Friday, April 3, 2015

Tax Soul Suck

I'm generally pretty proud of myself.  I work hard, fill my life with interesting people who like spending time with me, go on many adventures.  I'm exactly who I want to be at 26.  But when it comes time to do my taxes every year, I dread it.  Taxes make you take stock of the very tangible things that I do not have to show for myself.

Yeah thanks, I'm well aware.

No investments

NO property

But I went to 6 countries in 2014?
Started my dream job?
Am happier than I've been in years?

But yeah, no, I don't have any dependents.

Thursday, April 2, 2015

A Comedy of Errors

Val and I work very hard: long days, weekends, nights.  So when we have a second to catch our breath, we like to breathe deep.  Val was in Uganda for a conference and we decided to escape to the Nile on the weekend.  We booked a peaceful and luxurious cabin right on the river and begged the owner to let us check in at 1pm on Saturday and check out at 3pm on Sunday to maximize our time. 

Saturday morning I picked Val up at her hotel, we stopped by the grocery store to get food to cook at the cabin and hit the road.  It would only take 1.5 hours to get to Jinja and we left ourselves a bit of time in case of bad traffic.

An old woman, bent over her cane, shuffling her feet without lifting them off the ground, passed us in our car as we sat for an hour in standstill traffic.  We moved a smidge an hour.  Smidge/Hour.  And then my car stopped.  The dashboard lit up all the indicators and then turned off.  I put the car in neutral, like mommy taught me, and drove to the side.  Smoke was pouring out from my hood.  But when the smoke cleared, the miraculous sign “Highway Motor Garage” appeared.  A mechanic came out and poured some water into the thingy to cool the car down.

“There is a leak in your radiator and you need a new water pump and belt and radiator cap.”
“How long?”
“3 ½ hours.”
“Is there a bar nearby?”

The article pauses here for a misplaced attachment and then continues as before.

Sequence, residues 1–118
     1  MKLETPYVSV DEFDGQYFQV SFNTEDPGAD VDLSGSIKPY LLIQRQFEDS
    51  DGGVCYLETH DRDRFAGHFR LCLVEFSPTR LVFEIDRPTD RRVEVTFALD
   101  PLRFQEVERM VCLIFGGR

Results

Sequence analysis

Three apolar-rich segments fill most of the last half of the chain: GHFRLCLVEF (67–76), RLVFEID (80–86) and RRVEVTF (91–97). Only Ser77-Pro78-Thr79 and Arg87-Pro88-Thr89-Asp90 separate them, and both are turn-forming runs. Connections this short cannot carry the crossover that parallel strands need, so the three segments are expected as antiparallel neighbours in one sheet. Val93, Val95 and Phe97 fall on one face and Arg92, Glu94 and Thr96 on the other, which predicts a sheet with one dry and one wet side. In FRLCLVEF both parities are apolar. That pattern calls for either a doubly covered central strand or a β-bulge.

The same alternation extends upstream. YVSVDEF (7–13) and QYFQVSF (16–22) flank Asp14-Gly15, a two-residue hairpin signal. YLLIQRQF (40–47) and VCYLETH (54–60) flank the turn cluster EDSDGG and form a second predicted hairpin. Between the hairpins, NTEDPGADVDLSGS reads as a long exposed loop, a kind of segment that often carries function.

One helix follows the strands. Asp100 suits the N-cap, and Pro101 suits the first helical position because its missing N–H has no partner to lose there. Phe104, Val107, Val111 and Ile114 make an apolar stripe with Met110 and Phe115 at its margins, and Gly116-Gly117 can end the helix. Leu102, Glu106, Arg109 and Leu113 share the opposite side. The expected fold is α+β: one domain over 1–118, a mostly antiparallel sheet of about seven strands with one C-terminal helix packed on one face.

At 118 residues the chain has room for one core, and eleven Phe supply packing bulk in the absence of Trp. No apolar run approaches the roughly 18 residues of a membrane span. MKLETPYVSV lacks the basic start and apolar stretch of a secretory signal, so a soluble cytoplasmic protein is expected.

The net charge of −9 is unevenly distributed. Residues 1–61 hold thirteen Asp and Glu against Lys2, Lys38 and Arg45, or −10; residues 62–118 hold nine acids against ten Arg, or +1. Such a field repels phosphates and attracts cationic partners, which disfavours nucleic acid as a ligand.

So we pulled the car into the lot, let the 20 mechanics do what they do in the hood, and we cracked open some beers (“maybe if I just try to keep opening this bottle with my hands someone will appear with a bottle opener”--someone did) for ourselves and the 30 mechanics and settled into the spare tires that were laying around.

Val chilled on a tire

I preferred the car

It rained, we got wet.  I started teaching some children how to do the Saturday Night Fever Dance.

The car was fixed 4 hours later.  I thank the 40 mechanics, and start to drive away but even when I press the pedal to the metal, there was barely any acceleration.  The mechanics saw our problem. 
“Ok we made a mistake, come back.”
30 minutes and 50 mechanics later, the car is fixed.  It’s not fixed.  But we are too anxious to get going so we get back on the road with our faulty belt and, very slowly, reach our cabin in the dark.  We get unpacked, eat salami and cheese sandwiches (we ditched our dinner reservations because were too tired), finished a bottle of wine and crawled into our beds at 10pm. 

At 4am I heard a loud flutter just above my head.  I turn on the lights and see a fucking bat.  I scream, and run across the room into Val’s bed. 
“Bat!  Rabies!  Marburg!  Nipah virus!  Potentially ebola!” I scream getting my geek on.
“OH shit.  Quick, lay flat on the floor! Bats like height!”
“Is this science or is this your theory?!”
“My theory!”
We slither across the room into my bed, keeping our iPhone flashlights above our head ‘cause bats don’t like light, right?  We jump into my bed and tuck my net into the mattress to create a bat free zone.
Until 6am, when the sun started to rise, I stared at the bat just chillin’ on the top of my net.  Periodically it would use it’s talons to drag itself along the net. 

I made myself wake up at 10am so that I could enjoy the last few hours of the Nile before having to make the trip back to Kampala.  Trying not to wake Val, I snuck downstairs and opened the door to the porch.  A large bat plopped onto my hand.  I screamed.  But it wasn’t a bat, actually just a frog.

Val, now awake, came down, we made coffee and enjoyed the last bit of the Nile before having to check out.  We try so hard to relax but it always ends up just being comical.  Luckily we have a good sense of humor and can enjoy a beer anywhere.

I drove us back to the city, hugged Val goodbye as she boarded her flight to Tanzania, and went home.

While unpacking my car, my wrist bent back, and a ganglion cyst on my tendon that I didn’t know existed, hemorrhaged, and I had to go to the hospital.